Republican Rachel Stovall, who’s running for the state Legislature in El Paso County, answered a conservative Christian voter guide questionnaire by casting doubt on Colorado’s universal mail-in ballot system, saying, “It creates a real risk for fraud.”
Stovall’s concerns about voting via mail ballots, however, apparently don’t apply to casting her own vote.
A spokesperson for the El Paso County Clerk’s office confirmed that Stovall has voted with her mail ballot in every election from 2015 through this year’s Republican primary in June.
Her statement against using mail ballots appeared in the Church Voter Guide, a nonpartisan voter guide project by Colorado Springs pastor Chaim Goldman, which offers political guidance to Christian voters with a conservative Biblical worldview.
The second half of Stovall’s answer to the guide’s question about “Election Reform” makes it clear where she stands (or at least stood) on the use of absentee ballots.
“Early voting and Election Day should be it,” stated Stovall’s answer in the guide. “Absentee ballots for military and those who can show (through reservations, surgery dates, disabled, hospitalized, etc.) that they cannot vote those days should be able to vote absentee.
“I am concerned with mail in ballots for everyone because it creates a real risk for fraud.”
Reached by phone, Stovall said “every election process we have just needs to be examined for best practices. When you have this many people who are worried about the process, that it should be looked at, and needs a thorough audit and then you give a report to the people so that their fears can be alleviated.”
After hearing her statement about mail-in ballots creating a “real risk of fraud” read back to her she said, “I’m fine with the procedures we have. What I wrote was meant to be an affirmation of that.”
Asked directly if she now doesn’t think mail-in ballots carry a risk for fraud, Stovall replied, “They can. Which is why it has to be looked at so that people can see whether that fear or risk is really a thing. I think that people who are concerned deserve to have their concerns addressed.”
She then claimed that her statement to the Church Voter Guide “may have been edited differently than what my intent was.”
In a subsequent Facebook message, Stovall says she isn’t an election denier and again said the Church Voter Guide may have edited part of her answer.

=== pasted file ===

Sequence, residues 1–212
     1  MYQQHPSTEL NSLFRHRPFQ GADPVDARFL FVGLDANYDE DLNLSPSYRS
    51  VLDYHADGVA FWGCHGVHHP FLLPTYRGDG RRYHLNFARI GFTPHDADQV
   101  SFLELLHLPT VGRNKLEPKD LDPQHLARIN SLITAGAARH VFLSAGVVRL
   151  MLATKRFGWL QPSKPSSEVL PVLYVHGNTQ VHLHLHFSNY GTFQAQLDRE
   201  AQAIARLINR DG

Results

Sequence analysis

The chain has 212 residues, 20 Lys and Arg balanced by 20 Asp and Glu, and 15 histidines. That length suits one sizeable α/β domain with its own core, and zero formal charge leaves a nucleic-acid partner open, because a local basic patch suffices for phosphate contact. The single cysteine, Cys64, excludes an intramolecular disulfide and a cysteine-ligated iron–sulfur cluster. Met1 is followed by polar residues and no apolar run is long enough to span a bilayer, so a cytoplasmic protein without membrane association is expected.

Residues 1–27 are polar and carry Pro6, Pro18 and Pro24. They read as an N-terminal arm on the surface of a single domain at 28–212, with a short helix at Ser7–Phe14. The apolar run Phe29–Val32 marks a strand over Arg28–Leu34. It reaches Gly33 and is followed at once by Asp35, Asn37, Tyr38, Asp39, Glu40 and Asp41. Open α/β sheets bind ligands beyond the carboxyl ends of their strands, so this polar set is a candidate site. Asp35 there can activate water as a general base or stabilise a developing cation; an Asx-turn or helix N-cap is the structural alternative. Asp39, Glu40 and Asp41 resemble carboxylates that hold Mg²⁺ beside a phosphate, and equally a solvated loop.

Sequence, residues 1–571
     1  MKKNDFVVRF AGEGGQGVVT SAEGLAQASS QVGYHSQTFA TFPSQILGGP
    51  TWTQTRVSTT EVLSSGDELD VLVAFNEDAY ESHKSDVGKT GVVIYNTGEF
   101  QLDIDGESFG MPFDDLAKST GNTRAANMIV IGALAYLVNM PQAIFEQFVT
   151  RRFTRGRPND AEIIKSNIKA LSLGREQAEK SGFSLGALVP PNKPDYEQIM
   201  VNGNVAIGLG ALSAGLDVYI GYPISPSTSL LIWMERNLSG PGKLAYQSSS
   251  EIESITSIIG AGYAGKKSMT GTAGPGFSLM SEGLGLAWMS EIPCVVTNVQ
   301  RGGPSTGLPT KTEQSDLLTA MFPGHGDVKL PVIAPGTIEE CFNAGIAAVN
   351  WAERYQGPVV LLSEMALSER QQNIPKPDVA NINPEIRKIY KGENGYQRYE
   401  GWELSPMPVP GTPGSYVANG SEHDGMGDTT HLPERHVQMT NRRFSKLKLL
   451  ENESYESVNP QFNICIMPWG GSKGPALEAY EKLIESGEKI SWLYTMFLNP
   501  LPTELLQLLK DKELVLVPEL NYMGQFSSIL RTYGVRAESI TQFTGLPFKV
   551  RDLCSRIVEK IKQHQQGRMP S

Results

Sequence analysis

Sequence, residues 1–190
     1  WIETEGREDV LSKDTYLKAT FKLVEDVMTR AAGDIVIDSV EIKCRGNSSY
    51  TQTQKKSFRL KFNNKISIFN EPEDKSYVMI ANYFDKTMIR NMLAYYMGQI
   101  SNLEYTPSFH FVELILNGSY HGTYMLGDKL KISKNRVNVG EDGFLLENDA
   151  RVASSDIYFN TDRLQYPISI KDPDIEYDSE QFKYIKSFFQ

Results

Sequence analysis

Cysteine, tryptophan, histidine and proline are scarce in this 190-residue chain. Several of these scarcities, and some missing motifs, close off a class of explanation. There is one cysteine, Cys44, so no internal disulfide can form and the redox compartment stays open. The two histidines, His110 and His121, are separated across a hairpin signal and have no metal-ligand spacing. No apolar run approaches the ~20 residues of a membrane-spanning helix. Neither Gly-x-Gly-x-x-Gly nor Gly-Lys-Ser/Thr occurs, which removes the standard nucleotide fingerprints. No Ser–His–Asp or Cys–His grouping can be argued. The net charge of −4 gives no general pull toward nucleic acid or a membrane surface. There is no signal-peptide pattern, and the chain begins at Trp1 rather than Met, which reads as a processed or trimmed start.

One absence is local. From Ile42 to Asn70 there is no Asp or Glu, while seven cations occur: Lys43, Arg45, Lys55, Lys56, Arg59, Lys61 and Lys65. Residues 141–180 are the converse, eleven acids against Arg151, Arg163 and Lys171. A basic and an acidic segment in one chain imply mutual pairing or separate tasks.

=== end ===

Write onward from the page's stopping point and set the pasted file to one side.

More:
“All I have tried to do was empathize with citizens that read the Church Voter Guide and have concerns about the election process and advocate for reports and audits to be done that alleviate those concerns,” she said. “We cannot know if there are real problems with mail-in ballots without examining the process. I am hardly an election denier of any kind and will not stand for being presented as such! I read what is in the Church Voter Guide and feel like there was an issue with the editing. There is one sentence that doesn’t make sense at all and I’m not sure what happened. So I’ll attend to that.”
Stovall did not clarify which part of her answer she thinks doesn’t make sense and may have been edited, but according to Church Voter Guides founder Chaim Goldman, he does not edit candidates’ statements at all. In a video posted three weeks ago, Goldman explains that as part of ensuring the guide is compliant with the Internal Revenue Service’s rules for 501(c)3 nonpartisan groups, “we survey all of the candidates, ask them open-ended questions and whatever they give you back you publish it you don’t have any opinion, you don’t even edit it if they are typos.”
Transcript from the Church Voter Guide:
Do you believe that elections in Colorado should be conducted differently? Should voters in Colorado be required to verify their identity and residential status in the respective counties in which they vote? Are you in favor of a single-day, in-person voting system consisting of all-paper ballots? Why or why not?
Verification of both identity and residential status with a photo ID is fair and should be implemented everywhere in Colorado. I do believe these verification steps should be conducted within the respective counties in which voters vote.
Poll watchers and election judges are the best line of defense against irregularities. Election judges are in the ballot counting areas, watching and verifying the ballot count. Early voting and Election Day should be it. Absentee ballots for military and those who can show (through reservations, surgery dates, disabled, hospitalized, etc.) that they cannot vote those days should be able to vote absentee.
I am concerned with mail in ballots for everyone because it creates a real risk for fraud.